Laura Rebel Angel is an amazing and inspiring woman. She’s a self-made lady that radiates confidence, positivity, strength and an admirable ‘can do’ hard work ethic endearing her to all that comes into her orbit. Laura fronts rockabilly band, Screamin’ Rebel Angels, designs for her own label Dollsville NYC, has her own production company and puts on shows, most notably the largest US east coast annual Psychobilly Luau. It’s always a pleasure interviewing someone like Laura, that has a wealth of experience and is happy to share her story and secrets of her success…all with a stunning great big smile, of course!

I’ve read that you went to your first rock n roll show at the age of 12; what was the show? What were your first impressions of rock n roll shows?

LAURA REBEL ANGEL: Ah, great memories! My first show that I went to was an all-ages punk rock/hardcore show held at a fire hall in Pennsylvania. I remember somehow convincing my mom and dad to drop me off in the parking lot far enough from the door so I wouldn’t be embarrassed that they had to drop me off. I heard about the show from friend whose older brother was playing in one of the bands. The bands were local PA and NYC bands including Option, Phallacy and 1st Things First.

Looking back I realized how formative that first live music experience was. To me, at that age, there was no difference between seeing those bands and seeing a ‘famous’ national touring band. There were no barriers between the fans and the artists. You were up front sweating and screaming back the lyrics to your favorite song into your favorite bands face. Clawing through pile-ons trying to grab the mic to be able to sing one line of the chorus. I didn’t care that I was a 13-year-old girl with a bunch of big tattooed hardcore guys either. If the pit got too crazy, I would scale up the speakers and sit on top holding onto the rafters just drinking it all in, able to experience what was my music world first hand and personal. That sense of accessibility and personalization to music and musicians has always stayed with me, and I that’s one of the things that I try to recreate with the shows that I produce or perform in.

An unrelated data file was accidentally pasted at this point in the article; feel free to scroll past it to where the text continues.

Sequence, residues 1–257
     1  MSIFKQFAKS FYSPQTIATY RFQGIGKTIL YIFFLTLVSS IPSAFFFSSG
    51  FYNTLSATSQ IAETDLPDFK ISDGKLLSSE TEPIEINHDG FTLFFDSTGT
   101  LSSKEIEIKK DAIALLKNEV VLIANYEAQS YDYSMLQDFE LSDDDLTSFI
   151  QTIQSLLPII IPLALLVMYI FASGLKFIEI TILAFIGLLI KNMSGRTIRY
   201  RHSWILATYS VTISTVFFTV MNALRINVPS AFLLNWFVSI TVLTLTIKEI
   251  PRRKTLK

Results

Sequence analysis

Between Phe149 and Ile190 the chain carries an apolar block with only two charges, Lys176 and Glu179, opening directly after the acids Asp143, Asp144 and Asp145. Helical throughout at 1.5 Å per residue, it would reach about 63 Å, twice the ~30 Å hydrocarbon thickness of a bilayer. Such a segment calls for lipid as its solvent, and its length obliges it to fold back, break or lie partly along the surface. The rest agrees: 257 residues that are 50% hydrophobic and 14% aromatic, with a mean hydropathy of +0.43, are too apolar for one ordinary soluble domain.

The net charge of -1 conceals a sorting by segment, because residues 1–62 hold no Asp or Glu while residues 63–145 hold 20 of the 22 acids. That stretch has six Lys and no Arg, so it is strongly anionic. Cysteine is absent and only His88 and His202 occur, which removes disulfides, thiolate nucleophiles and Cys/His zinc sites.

What were you like growing up? Who were your heroes and heroines?

LRA: I was the youngest of 4 children, there was a large age gap between myself and my sister and brothers. They were my heroes and I always wanted to do whatever it was that they were doing. I became a girlie girl tomboy. My sister would play dress up with me, and then I would play soccer and wrestle with my brothers. On my favorite nights, my dad would come home and pick up his guitar, and I would just listen to him sing and strum with complete abandon. He was able to play anything by ear, and always got a kick out of me singing along to Nancy Sinatra or to Dion. My parents had an old giant record player piece of furniture. When they weren’t looking, I would just go through his records and sit close to the speaker and sing along. They had a Time Life box set of 50s classics, Nancy Sinatra’s Boots were made for walking, and an old Bing Crosby Christmas album that were my favorites.

How did you first become involved in the culture/s of Rockabilly and Psychobilly?